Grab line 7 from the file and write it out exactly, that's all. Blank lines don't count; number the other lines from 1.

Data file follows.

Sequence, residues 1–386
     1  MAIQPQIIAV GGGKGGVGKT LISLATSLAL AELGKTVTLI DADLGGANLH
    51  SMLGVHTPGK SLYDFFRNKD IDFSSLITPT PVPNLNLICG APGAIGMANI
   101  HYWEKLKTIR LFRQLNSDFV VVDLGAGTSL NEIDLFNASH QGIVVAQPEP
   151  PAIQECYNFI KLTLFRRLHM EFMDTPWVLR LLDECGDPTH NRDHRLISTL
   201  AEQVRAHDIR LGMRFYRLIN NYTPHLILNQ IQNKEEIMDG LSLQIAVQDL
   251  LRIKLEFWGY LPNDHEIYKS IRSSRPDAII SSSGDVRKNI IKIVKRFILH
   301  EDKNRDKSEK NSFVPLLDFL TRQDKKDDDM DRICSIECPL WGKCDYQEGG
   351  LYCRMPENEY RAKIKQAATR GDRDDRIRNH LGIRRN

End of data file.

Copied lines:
   251  LRIKLEFWGY LPNDHEIYKS IRSSRPDAII SSSGDVRKNI IKIVKRFILH